A well-known adaptive feature for living at high salt concentration is the enrichment of acidic amino acids in proteins allowing them to properly function at high cytoplasmic salinities (Soppa, 2006). Therefore, we analyzed the isoelectric point and amino acids frequencies of proteins, which would reflect this adaptation. Surprisingly, IC21 proteins were more similar to those in SS33 than to SS19 (Figure 2). The dataset IC21 showed an increase in acidic amino acids compared to SS19 that therefore indicates a greater presence of microorganisms using the “salt-in” strategy to osmotically balance their cytoplasm with their environment (Oren, 2008, 2013).

FIGURE 2
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Figure 2. Isoelectric point (pI) profiles (A) and amino acid frequency (B) of the predicted proteins in the metagenomic datasets SS19, IC21, and SS33. The pI was computed for each translated read and is shown as a percentage of the dataset in intervals of bin width 2.

High G+C content is often associated with the presence of haloarchaea, except for the well-known exception Haloquadratum and is a useful predictor of community composition. Analysis showed that the G+C content of IC21 (Figure 3) had a bimodal distribution more similar to SS19 than to SS33, and the predominant peak in both is at ~65%. This peak is consistent with the high G+C content associated with most halophilic archaea and bacteria described so far (Paul et al., 2008). Ponds from Santa Pola saltern (SS19 and SS33) exhibited a low G+C peak at 47.9%, which has previously been observed to increase at higher salinities (Ghai et al., 2011). This low G+C peak comes from Haloquadratum walsbyi (Bolhuis et al., 2006) and perhaps from the newly reported nanohaloarchaea (Ghai et al., 2011). In IC21 the low G+C peak is shifted to a value slightly higher than that observed in metagenomic datasets from Santa Pola ponds, SS19 and SS33, around 51–52%. This low G+C peak might correspond to genera containing representatives of halophilic bacterial genera such as Halomonas, Salimicrobium, or Salinicoccus. These genera have DNA G+C contents in the range of 52.0–74.3, 44.9–51.5, and 46–51.2%, respectively (de la Haba et al., 2011). Another possibility is that it corresponds to halophilic or halotolerant microorganism not yet described, or to AT-rich regions in haloarchaeal genomes (Ram Mohan et al., 2014) In members of the order Halobacteriales a “minor component” of the DNA (10–30% of the total DNA) with a G+C range of 51–59 mol% has been reported (Grant et al., 2001).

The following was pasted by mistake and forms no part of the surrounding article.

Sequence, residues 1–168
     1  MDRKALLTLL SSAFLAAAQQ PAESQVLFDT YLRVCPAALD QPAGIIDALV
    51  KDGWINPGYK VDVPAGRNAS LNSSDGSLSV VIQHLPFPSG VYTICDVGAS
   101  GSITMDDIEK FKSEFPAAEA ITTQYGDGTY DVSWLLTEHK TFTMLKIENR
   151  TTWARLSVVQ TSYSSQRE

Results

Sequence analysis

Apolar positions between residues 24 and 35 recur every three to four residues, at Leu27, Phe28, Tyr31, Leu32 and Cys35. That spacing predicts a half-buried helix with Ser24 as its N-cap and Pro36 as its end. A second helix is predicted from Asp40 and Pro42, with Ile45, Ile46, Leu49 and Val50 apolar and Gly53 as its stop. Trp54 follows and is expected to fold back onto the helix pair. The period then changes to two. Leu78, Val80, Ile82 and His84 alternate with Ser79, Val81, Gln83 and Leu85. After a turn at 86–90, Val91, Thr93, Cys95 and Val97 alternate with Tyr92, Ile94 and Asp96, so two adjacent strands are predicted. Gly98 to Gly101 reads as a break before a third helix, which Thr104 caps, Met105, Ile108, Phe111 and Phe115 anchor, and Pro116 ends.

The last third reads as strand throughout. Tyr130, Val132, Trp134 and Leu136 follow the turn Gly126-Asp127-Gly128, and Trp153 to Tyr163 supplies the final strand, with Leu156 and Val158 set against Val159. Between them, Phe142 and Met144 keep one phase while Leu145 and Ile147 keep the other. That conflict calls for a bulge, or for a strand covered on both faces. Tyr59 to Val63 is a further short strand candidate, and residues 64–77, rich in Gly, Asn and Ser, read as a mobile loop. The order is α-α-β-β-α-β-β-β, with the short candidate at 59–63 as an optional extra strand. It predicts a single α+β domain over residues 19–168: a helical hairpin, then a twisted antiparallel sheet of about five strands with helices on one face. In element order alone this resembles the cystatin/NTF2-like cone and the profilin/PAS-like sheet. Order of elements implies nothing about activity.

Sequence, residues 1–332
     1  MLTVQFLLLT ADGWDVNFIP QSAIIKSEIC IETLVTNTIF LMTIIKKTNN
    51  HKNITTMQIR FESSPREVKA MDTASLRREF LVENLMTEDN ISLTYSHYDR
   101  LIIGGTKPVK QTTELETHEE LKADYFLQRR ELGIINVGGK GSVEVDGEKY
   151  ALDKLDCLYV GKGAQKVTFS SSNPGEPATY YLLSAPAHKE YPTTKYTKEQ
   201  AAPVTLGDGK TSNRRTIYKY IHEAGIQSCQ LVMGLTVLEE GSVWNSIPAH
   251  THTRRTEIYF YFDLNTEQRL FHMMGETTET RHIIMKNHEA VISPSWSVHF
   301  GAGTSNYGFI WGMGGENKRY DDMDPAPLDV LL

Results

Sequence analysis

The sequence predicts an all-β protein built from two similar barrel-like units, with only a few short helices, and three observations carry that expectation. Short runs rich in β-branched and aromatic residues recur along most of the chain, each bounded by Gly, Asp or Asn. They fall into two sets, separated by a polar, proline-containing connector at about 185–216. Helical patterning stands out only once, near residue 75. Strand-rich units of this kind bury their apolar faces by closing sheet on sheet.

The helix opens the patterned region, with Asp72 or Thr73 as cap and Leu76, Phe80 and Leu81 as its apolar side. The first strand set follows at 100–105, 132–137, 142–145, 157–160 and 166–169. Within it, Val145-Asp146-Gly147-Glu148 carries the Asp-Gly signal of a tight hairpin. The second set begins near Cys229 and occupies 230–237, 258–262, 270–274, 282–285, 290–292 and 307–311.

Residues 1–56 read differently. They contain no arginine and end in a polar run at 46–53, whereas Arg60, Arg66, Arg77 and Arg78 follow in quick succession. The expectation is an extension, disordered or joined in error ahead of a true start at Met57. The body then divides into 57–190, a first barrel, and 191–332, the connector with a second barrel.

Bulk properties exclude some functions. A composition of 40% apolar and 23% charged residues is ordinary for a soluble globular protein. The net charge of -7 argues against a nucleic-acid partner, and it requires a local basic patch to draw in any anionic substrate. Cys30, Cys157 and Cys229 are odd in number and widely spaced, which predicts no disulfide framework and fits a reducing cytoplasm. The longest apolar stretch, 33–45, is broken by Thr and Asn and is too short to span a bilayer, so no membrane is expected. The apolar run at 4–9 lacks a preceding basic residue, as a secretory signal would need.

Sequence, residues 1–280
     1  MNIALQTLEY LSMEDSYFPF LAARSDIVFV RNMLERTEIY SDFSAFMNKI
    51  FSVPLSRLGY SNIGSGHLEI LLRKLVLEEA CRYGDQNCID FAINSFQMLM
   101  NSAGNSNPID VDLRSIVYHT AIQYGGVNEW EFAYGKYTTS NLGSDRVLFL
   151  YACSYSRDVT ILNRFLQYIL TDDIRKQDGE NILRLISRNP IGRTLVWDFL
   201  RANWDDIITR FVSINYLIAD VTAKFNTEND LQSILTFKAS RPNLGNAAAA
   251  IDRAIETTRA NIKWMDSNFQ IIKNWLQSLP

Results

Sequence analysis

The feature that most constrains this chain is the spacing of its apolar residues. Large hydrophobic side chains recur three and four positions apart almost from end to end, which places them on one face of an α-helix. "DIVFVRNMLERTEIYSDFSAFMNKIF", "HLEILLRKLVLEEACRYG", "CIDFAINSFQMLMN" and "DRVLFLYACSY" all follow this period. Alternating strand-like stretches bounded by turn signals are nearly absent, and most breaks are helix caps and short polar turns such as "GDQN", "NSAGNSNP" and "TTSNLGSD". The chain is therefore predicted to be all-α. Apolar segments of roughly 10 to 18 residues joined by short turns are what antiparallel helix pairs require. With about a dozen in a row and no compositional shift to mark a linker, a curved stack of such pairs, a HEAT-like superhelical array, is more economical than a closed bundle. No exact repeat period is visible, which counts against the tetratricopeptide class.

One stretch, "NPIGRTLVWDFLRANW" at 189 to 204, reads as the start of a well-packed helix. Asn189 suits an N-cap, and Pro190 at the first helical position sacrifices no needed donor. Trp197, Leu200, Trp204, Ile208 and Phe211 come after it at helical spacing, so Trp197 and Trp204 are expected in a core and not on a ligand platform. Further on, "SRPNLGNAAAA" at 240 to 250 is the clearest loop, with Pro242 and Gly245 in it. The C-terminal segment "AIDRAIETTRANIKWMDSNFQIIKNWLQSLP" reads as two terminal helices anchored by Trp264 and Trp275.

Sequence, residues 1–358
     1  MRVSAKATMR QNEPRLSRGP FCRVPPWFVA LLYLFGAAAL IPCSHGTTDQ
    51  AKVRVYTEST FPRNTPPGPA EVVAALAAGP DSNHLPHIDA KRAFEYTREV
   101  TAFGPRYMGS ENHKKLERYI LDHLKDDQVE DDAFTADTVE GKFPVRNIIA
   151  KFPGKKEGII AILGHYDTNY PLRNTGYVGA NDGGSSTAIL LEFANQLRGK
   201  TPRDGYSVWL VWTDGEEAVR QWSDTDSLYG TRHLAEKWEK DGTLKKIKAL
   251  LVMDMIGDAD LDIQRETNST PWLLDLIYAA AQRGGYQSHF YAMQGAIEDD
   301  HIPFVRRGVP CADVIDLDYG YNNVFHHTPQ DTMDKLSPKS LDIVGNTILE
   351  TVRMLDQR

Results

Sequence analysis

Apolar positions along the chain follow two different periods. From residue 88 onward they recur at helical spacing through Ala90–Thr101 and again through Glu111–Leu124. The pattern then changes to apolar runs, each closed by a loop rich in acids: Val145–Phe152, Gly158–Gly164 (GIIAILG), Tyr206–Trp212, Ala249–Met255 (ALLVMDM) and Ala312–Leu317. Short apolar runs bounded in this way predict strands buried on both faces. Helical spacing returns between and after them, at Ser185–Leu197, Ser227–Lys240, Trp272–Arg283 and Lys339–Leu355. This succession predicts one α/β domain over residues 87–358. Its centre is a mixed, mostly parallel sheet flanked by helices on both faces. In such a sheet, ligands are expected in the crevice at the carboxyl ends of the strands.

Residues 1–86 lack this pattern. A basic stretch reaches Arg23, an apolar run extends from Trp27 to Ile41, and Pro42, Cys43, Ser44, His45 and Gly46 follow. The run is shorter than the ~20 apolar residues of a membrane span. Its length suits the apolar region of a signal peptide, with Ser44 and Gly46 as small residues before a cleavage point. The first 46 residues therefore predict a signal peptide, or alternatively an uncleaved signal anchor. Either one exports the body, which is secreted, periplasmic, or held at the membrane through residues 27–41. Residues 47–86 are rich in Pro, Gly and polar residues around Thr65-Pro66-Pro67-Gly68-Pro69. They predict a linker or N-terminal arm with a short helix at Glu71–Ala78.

FIGURE 3
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Figure 3. Comparison of G+C% of sequences from metagenomic datasets SS19, IC21, and SS33. G+C% was computed for each read and the percentage of the dataset in intervals of bin width 10 is shown.

Prokaryotic Community Structure

The taxonomic diversity was analyzed carrying out a search of the metagenomic sequences related to the 16S rRNA gene using the RDP database and selecting those sequences with a minimum length of 100 bp and an identity over 80% for higher taxonomic levels (Figure 4) and 95% for the genus level (Table 2).

FIGURE 4
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Figure 4. Representation of high taxonomic levels affiliated to metagenomic rRNA reads. Assigned sequences have an identity over 80% and a minimum length of 100 bp.

TABLE 2